Gigantic brands

Just as the smaller companies face a number of challenges in adapting to a global marketing approach, larger companies have yet to fully master it. Indeed, there is some debate as to how far global marketing needs to go with regards to one common name for example. "I find it very strange that there are so few examples of global brand names," says a senior industry marketing source, "it does seem odd that companies can't get this critical aspect of brand development aligned in terms of global trademarks."

Certainly, three of the top five selling drugs in 2001 did not have a global brand name. The two biggest selling drugs, Merck's Zocor and Pfizer's Lipitor, are highly recognisable brand names. However, the three next best selling drugs all had more than one trade name: AstraZeneca's Prilosec is also know as Losec, Pfizer's hypertension treatment is either Norvasc or Istin, and Johnson & Johnson's anaemia treatment is either Procrit or Eprex.

There is still wide scope to improvements in global marketing. "The small and medium-sized companies are learning from the mistakes that the global companies are making in failing to tailor messages to local territories," says Chris Doyle. "One of the benefits of the mergers and acquisitions has been global scale in marketing, but at the level of detail the medium-sized companies are often being just as innovative," agrees Alasdair Mackintosh.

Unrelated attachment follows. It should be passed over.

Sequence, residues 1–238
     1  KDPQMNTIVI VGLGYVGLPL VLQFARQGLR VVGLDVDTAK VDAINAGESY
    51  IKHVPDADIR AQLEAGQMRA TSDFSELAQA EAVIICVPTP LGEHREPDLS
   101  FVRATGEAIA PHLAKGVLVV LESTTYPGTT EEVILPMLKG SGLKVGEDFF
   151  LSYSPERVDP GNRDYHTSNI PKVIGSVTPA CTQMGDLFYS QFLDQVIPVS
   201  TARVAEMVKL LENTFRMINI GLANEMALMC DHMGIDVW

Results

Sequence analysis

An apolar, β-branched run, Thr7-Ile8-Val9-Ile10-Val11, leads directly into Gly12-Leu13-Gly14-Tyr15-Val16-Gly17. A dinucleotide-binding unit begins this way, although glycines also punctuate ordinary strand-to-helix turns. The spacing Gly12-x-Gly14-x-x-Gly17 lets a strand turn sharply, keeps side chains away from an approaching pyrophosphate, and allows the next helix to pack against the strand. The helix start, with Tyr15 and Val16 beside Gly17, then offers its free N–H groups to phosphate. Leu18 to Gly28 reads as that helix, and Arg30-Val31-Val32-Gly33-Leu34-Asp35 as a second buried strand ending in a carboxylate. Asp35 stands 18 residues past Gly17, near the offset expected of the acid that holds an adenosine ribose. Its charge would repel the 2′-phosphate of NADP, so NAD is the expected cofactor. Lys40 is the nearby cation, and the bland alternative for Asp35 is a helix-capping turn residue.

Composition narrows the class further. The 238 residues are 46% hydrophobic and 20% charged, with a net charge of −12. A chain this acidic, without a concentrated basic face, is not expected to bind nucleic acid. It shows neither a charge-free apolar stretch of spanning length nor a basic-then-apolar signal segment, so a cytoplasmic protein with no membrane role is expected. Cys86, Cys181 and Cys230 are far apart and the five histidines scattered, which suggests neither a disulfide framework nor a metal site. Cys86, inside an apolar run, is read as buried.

Trompe le monde?

The rise of global marketing is another instance of pharma looking to emulate the successes seen in the consumer marketing world. Here, companies like Proctor & Gamble and Unilever are the model, with highly centralised, highly recognisable product portfolios. Perhaps a little bit too recognisable if you happen to be a Scottish skier.

One of the problems with operating on a global scale is that just because a product is a global one does not mean that it is the same throughout the globe. We are not dealing with a fizzy drink or a chocolate bar here of course but human medicines that are tailored to the various markets they are produced for. The classifications that different markets have to work with are not all the same. For example, how do you market the uniquely British classification of 'pharmacy' medicines? How about a product that is marketed as an over-the-counter one elsewhere but is a prescription only one in this country?

The impending enlargement of the EU will certainly make things very interesting for marketers as it brings access to a market of around 250 million people, after centralised approval. It will also bring with it problems of different reimbursement and social security systems, not to mention the ABPI's £1 billion-a-year bÍte noire parallel imports. Ultimately, the challenge will be for companies to reconcile the sometimes divergent demands of acting successfully on both a global and a local scale.

Dominic Tyer, Pharmafocus